Make Your Digital Security a Habit

photo of someone using laptop with message that reads "Cybersecurity Awareness"

October is Cybersecurity Awareness Month, but this shouldn’t be the only time you think about your online security. Ensuring your digital security is a year-round job; start small to make good security a habit. Learn about the three most important habits to start with from Oakland County Chief Information Security Officer, T.J. Fields.

Multi-Factor Authentication

Multi-factor authentication (sometimes called Two-Factor Authentication, 2FA, MFA, etc.) is a way to protect your online accounts by requiring additional information with each login – often a six digit code texted to you or a notification on your phone. It protects your accounts against hackers because even if your password is leaked or hacked, the hacker still can’t get into your accounts without that second “factor.” While it is very hard to convert all your existing accounts to MFA, we recommend enabling them in the priority order:

  • Email accounts (Gmail, Yahoo, Outlook, etc.) – this is most important because this is typically the account that all other accounts will send “password reset” emails to, and thus is possibly the most important account to protect.
  • Financial accounts (online banking, credit cards, retirement accounts, tax preparation accounts, etc.) – any account which has money a hacker could steal.
  • Social Media (Facebook, Instagram, etc.) – social media accounts have copious amounts of your personal information, and a hacker could impersonate you to all your contacts.
  • Retail / Shopping accounts (Amazon, DoorDash, etc.) – any account that has a credit card stored that a hacker could order from and have your cards charged

As you create new accounts online, check and see if you can use MFA from the start! For more information on MFA, please visit

Automatic Updates

All electronic devices (computers, phones, even smart thermostats and the like) have flaws discovered in them that require they be updated (“patched”) on a regular basis. Depending on the amount of electronic devices in your house, keeping them all updated could be nearly a full-time job! How can you possibly keep up?

Enable automatic updates wherever possible – most modern devices have a setting that will allow them to be automatically patched/updated, with (at most) a prompt for you to restart the device when it is done, and convenient for you. Computers, electronic devices, and software can manage this mess for you, if you just enable them to do so on your behalf.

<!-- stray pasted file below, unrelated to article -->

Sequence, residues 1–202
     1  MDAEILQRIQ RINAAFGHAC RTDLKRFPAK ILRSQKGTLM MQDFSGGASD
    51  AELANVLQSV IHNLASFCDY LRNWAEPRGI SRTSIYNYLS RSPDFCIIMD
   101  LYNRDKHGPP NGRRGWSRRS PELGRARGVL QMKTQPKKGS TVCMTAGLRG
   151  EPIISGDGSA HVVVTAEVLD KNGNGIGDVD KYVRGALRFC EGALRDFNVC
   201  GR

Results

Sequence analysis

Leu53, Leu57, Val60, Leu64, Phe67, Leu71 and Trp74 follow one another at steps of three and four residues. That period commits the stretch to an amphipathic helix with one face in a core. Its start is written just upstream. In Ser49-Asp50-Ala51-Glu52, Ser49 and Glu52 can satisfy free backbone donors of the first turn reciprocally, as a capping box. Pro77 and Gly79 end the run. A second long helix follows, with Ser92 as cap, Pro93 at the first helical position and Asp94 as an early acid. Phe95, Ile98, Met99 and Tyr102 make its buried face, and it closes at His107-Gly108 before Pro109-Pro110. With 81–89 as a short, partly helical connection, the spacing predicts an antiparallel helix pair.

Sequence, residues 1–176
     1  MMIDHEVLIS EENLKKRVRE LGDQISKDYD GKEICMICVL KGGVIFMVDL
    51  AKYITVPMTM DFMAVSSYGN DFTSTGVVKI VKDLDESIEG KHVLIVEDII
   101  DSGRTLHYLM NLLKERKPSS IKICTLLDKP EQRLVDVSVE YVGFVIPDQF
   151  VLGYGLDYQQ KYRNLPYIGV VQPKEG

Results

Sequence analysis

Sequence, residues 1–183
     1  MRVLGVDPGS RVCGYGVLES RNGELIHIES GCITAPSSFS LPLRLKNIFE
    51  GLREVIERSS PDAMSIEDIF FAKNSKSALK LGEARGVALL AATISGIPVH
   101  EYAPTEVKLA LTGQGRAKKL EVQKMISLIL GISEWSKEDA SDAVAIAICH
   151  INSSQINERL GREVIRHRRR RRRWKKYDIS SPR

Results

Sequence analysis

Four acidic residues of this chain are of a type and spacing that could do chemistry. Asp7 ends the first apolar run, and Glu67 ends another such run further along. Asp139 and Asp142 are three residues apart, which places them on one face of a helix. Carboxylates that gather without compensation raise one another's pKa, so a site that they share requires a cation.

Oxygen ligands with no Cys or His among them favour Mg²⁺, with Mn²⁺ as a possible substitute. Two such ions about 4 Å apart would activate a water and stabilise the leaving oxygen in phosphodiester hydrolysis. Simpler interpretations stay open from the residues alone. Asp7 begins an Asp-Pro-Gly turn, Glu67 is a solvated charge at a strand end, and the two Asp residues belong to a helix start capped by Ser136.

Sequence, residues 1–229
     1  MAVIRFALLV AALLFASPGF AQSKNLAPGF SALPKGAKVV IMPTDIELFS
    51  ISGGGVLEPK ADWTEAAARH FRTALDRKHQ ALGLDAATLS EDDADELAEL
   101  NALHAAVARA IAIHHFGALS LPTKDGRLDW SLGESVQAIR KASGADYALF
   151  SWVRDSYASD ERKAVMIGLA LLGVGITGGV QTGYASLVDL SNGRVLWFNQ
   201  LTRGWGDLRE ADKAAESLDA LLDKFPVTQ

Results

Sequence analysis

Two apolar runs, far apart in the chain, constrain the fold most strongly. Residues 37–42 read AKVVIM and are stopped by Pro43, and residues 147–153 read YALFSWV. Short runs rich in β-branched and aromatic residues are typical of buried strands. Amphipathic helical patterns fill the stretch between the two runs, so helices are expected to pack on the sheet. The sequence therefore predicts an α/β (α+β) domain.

Good Password Practices

This wouldn’t be a security article without some advice about passwords, and this one is no different. The advice may sound familiar – a password should be a long complex series of letters, numbers, and punctuation that only you know, shouldn’t be written down anywhere, and should be changed occasionally.

In addition, you should have a different password for every website or service you use, for the following reason: if a password is leaked from one site (as happens more often than any of us would like), then that password will not work in another other site. The first step many hackers take with a leaked password list is to see if any other common accounts for that user use the same password. If you don’t use different passwords, the hackers can get into any of your accounts with just one leaked password.

However, it is simply impossible to memorize, long, complex password for every single website or service you have – so what should you do?  Use a password manager to generate and store these long, unique passwords.  There are free and paid options that take the burden of creating, changing, and remembering complicated passwords for all your accounts.

These three tips can help get you started down the path of developing good digital security habits.  This list is by no means an exhaustive list of all you can do for your digital security, but it’s a good start!  Develop these strong habits and stay tuned for more security tips.

Chief Information Security Officer T.J. Fields is responsible for managing Oakland County’s IT Security Program, including maintaining and validating an Information Risk Management Program to ensure that information assets are adequately protected. He is also responsible for identifying, evaluating, and reporting on information security risks in a manner that meets compliance and regulatory requirements.

Learn more about Oakland County’s Information Security Office at Visit their Citizen Cyber Training portal for online education and online Cyber Security resources to help understand risks and be better prepared for a more secure online experience.

Follow along with Oakland County on FacebookInstagramLinkedInPinterest, Twitter, and YouTube using #OaklandCounty, or visit our website for news and events year-round.

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